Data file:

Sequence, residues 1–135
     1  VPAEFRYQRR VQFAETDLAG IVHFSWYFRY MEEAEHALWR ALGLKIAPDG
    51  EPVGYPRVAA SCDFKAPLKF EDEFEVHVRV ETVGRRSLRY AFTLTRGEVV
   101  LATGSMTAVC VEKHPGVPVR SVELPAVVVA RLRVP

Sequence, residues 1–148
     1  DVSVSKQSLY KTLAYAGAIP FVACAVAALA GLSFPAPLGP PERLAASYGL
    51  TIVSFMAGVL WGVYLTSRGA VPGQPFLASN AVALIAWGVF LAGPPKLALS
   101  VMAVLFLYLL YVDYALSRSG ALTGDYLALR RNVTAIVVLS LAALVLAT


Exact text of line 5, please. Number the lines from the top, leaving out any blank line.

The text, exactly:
Sequence, residues 1–148